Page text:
In this paper the author aims to examine his own life and work in order to understand how an ethnographic sensibility emerges and develops.
The paper examines the personal and institutional context in which his book Engineering Culture: Commitment and Control in a High Tech Corporation was researched and written, from formative moments in his life that led him to the study, through the process of finding, entering and exploring his field, to the acts of interpretation and writing that culminated in the book.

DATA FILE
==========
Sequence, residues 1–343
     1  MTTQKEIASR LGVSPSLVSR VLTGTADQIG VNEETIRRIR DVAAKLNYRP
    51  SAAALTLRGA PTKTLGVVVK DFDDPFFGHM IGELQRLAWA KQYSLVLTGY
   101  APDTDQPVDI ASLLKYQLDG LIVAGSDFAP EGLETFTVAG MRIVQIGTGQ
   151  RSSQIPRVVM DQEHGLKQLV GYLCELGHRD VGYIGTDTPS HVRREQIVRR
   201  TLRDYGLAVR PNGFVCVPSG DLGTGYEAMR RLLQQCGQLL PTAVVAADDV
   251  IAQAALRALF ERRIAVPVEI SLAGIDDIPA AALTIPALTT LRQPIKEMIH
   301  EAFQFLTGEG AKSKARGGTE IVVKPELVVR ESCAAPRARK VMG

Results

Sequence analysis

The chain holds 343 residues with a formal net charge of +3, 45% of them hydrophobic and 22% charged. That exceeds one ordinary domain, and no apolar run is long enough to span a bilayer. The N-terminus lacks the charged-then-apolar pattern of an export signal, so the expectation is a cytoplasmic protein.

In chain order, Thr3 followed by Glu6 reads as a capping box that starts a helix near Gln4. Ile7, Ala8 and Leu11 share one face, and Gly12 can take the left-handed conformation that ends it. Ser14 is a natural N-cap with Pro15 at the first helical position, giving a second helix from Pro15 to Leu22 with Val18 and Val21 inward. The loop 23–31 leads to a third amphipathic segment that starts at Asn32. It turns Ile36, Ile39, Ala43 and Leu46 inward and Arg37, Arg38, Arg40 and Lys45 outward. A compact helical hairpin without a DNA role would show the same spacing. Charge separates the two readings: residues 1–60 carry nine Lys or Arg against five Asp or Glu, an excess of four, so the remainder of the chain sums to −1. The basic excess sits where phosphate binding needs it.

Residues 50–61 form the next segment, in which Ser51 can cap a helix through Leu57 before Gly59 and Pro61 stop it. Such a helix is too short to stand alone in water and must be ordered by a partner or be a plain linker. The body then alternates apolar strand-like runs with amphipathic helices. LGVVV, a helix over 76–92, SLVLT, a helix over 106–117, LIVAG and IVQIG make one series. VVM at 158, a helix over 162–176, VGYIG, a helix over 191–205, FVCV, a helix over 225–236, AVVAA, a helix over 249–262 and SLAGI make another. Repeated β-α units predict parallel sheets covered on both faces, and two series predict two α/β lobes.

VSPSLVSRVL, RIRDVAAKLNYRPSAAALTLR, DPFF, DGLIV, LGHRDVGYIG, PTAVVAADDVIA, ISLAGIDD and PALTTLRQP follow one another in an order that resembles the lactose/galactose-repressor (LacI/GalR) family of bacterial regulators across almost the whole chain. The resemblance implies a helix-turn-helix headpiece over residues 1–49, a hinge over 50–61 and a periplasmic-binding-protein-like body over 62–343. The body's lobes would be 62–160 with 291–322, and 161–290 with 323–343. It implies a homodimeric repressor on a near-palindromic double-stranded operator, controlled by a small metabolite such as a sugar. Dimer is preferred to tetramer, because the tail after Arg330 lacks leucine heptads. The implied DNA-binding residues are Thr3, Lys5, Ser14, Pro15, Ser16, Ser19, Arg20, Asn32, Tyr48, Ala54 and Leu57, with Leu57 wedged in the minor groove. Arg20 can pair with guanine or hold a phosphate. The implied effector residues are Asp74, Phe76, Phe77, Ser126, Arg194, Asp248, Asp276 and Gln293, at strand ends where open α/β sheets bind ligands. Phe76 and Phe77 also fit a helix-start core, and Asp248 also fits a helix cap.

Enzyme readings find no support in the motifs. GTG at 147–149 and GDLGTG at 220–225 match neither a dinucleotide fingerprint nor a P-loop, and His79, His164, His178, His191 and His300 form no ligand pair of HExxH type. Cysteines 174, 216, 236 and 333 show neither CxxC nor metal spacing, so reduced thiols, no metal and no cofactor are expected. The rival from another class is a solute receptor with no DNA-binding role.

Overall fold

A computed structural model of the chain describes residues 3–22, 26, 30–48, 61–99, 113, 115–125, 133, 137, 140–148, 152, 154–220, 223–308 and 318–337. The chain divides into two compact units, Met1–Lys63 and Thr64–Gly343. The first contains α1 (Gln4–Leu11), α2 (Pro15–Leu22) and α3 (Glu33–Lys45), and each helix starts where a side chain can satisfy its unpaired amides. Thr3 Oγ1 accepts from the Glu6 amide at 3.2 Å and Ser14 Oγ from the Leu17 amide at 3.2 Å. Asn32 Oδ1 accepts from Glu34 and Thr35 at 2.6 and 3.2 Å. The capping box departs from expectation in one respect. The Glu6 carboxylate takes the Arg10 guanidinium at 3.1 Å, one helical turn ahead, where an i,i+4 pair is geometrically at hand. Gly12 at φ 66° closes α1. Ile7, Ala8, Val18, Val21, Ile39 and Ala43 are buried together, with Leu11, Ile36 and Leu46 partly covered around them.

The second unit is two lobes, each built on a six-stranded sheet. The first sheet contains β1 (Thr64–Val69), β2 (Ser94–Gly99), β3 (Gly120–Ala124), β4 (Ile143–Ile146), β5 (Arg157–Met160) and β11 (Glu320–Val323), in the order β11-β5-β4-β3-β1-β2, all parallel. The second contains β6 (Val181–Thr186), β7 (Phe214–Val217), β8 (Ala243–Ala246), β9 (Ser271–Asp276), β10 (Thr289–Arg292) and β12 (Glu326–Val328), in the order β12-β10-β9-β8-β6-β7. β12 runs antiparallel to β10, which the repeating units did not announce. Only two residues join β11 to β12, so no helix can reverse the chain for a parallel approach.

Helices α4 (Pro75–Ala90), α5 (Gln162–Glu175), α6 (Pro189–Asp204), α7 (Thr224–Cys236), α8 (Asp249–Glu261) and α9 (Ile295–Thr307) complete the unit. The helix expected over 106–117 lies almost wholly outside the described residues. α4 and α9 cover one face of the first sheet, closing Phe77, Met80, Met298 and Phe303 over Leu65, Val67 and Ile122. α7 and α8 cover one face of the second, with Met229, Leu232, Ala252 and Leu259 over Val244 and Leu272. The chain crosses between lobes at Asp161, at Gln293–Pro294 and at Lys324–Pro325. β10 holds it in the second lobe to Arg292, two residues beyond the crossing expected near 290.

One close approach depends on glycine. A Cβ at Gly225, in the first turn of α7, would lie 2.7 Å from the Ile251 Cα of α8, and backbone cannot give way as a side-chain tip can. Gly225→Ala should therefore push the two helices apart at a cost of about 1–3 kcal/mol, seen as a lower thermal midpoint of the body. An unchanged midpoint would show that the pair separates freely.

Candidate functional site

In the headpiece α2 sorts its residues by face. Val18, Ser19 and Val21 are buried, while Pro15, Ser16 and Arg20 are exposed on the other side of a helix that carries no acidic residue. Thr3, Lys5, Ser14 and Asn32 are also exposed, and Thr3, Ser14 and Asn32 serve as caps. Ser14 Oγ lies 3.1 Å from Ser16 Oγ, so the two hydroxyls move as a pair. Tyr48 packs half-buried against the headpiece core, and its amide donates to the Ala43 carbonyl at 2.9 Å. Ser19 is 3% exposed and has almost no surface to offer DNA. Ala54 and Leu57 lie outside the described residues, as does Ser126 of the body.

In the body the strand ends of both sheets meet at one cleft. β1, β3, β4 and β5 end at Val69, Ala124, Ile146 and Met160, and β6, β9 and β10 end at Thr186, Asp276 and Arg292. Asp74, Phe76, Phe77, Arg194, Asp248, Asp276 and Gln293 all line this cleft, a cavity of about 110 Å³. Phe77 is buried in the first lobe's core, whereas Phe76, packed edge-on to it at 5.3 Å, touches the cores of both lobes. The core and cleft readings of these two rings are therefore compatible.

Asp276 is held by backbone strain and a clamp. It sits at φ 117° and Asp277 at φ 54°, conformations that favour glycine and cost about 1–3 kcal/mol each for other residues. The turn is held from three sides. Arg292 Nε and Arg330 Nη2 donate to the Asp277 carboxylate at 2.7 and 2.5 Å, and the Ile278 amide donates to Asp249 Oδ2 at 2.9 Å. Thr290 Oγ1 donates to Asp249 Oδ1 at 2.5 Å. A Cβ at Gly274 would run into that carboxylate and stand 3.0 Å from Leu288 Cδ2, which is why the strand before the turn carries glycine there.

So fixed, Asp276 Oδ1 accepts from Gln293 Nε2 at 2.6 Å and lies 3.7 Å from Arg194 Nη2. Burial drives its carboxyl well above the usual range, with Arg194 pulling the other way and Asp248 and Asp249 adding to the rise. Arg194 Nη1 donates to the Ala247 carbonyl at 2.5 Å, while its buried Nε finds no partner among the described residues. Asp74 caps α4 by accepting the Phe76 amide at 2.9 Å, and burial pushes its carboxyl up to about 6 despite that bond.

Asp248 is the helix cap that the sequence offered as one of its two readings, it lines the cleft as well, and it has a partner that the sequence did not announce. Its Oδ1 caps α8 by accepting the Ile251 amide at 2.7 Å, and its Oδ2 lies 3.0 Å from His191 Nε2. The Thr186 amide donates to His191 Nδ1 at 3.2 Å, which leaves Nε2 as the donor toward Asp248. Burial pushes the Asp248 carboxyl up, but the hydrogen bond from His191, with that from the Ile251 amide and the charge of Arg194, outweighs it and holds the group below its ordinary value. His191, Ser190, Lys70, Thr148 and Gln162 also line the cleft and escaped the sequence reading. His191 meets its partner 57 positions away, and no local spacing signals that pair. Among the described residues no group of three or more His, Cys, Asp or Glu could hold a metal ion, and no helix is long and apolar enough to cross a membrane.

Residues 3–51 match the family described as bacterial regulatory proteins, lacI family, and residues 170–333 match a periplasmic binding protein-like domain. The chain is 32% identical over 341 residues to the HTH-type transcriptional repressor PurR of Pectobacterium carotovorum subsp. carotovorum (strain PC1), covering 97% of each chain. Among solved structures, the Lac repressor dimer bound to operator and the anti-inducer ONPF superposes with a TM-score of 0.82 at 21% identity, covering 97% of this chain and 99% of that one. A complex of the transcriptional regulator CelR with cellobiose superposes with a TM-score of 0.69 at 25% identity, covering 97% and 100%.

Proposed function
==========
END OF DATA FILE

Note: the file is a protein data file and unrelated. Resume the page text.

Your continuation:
The paper illustrates the institutional pressures that constrain conceptual and methodological freedom and undermine the logic of inquiry, and suggests ways of circumventing them. It also illustrates how interpretation is rooted in symbolic resources developed over a lifetime that are far beyond a grounding in social theory, and shows the intricate connections between question formulation, data collection, interpretation and writing that transcend the standard approaches to teaching and executing social research.
The paper offers a revealing behind‐the‐scenes view of the process of ethnographic inquiry, challenges the accepted view of the method and offers practical advice to researchers, teachers and students.
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